For years yoga has become increasingly popular as a form of exercise and stretching. In most yoga poses, one’s back is arched and the joints are locked, but for those with joint or back pains, these stationary poses may be more difficult, which explains the recent rise in the popularity of another form of stretching: tai chi. Although there are some important differences between these two types of exercises, studies have shown that they both have many health benefits, including improving one’s balance.
An Ancient Exercise with Modern Benefits
Despite its recent growth in popularity, tai chi has actually been around for centuries. It began in ancient China as a form of martial art that imitated animals’ movements. But today, it is used as a low-impact exercise and stretch activity.
So what exactly is tai chi? Tai chi, or ‘meditation in motion,’ involves a set of fluid, slow movements while breathing deeply. Due to its low-impact and slow movements, tai chi has become increasingly popular among the elderly.
There are several reasons why the elderly specifically benefit from this form of exercise:
- It involves gentle, circular movements that are never forced.
- Unlike in yoga, the muscles are relaxed and the joints are not bent or fully extended to their limit.
- Connective tissues in the body are not stretched.
Along with being a simple yet rewarding exercise, tai chi improves balance and reduces one’s fear of falling, which is a very understandable fear as one out of every three adults in the United States aged 65 or over falls every year according to the Centers for Disease Control and Prevention. Studies have shown that tai chi improves balance by training one’s proprioception, which is responsible for sensing the position of our bodies in space.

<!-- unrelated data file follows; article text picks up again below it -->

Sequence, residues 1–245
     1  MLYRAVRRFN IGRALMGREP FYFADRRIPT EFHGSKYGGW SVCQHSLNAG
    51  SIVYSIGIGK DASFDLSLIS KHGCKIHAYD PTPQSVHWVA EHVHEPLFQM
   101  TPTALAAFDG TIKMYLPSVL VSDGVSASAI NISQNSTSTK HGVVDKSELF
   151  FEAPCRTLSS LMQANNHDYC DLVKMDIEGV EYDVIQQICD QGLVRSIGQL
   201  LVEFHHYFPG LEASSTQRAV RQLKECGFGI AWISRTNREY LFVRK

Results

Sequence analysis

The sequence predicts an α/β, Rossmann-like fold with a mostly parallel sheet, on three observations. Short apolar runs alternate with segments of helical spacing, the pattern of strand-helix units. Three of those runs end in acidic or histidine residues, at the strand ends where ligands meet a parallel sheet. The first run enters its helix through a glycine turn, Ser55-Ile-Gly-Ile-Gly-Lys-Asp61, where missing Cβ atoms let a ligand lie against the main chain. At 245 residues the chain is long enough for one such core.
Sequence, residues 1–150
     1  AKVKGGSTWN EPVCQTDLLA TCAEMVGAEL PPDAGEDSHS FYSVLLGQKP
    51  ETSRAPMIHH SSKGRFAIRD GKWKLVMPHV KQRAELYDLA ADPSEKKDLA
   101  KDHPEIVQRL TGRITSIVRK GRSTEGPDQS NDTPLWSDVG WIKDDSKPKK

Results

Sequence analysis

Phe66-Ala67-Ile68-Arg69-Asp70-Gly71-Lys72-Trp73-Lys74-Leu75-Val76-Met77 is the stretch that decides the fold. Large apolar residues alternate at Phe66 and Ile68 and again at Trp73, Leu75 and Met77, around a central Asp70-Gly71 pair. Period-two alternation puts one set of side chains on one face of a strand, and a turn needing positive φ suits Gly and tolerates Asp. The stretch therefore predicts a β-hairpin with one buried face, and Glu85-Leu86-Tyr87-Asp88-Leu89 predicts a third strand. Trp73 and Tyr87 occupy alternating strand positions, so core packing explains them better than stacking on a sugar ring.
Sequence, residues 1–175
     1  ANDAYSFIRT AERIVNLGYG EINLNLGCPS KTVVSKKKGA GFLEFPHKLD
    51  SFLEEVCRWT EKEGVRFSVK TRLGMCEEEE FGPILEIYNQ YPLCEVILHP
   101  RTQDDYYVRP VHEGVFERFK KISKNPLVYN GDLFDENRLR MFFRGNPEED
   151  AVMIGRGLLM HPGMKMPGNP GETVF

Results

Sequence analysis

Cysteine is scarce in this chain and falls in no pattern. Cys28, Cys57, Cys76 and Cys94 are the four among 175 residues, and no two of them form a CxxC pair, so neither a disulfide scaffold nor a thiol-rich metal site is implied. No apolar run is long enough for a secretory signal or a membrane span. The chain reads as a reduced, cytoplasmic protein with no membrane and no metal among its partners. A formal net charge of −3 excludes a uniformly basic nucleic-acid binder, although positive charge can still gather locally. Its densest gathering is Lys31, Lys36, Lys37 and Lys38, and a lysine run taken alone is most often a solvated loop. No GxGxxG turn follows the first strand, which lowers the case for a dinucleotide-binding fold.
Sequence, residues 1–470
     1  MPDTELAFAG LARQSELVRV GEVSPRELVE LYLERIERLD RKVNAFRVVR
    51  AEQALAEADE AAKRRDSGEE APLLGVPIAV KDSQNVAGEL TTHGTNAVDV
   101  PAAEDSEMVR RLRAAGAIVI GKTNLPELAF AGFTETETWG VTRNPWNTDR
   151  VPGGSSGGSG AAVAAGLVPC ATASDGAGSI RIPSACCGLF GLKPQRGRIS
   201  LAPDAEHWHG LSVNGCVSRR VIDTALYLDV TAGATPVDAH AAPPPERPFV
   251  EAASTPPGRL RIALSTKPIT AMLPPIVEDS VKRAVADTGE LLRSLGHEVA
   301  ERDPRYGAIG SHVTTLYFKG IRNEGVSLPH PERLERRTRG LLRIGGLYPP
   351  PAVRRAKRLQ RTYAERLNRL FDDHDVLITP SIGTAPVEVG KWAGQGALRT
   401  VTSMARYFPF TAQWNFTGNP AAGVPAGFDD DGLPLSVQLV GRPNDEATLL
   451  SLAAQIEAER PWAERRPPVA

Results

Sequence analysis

Tai chi is also known to improve muscle strength, flexibility and aerobic conditioning, all of which can make it easier to recover from a fall. As assistant professor of medicine at Harvard Medical School and director of the Tai Chi and Mind-Body Research Program at Harvard Medical School’s Osher Research Center Peter M. Wayne said, “A growing body of carefully conducted research is building a compelling case for tai chi as a adjunct to standard medical treatment for the prevention and rehabilitation of many conditions commonly associated with age.”
When added to the standard treatments, tai chi can help with the following medical conditions: heart failure, hypertension, stroke, heart disease, Parkinson’s disease, arthritis, low bone density, breast cancer and sleep problems. Some other health benefits include a relaxed state of mind and an outlet to deal with stress.
Tai Chi Tips
Like any other exercise, it’s a good idea to check with your doctor first before practicing tai chi. Although this exercise is very safe, it could be difficult for those with a musculoskeletal medical condition or those who consume medications that result in dizziness.
It is also important to attend a tai chi class before trying these exercises on your own. A typical tai chi class includes a warm-up, practicing tai chi forms, or sets of movement, and qigong, which is translated as “breath work” that is similar to the ‘cool down’ stage after exercising. Whether you’re in a class or at home, dress in comfortable clothes that do not restrict your movements and wear supportive shoes that won’t slip.
If you decide to consistently attend a class, be sure to talk to the instructor. Tai chi instructors do not need any licensing to teach a class, so seek out recommendations from clinicians and friends for experienced teachers.
You don’t have to run a 5K or lift heavy weights to enjoy these health benefits, so be sure to try tai chi to improve your balance!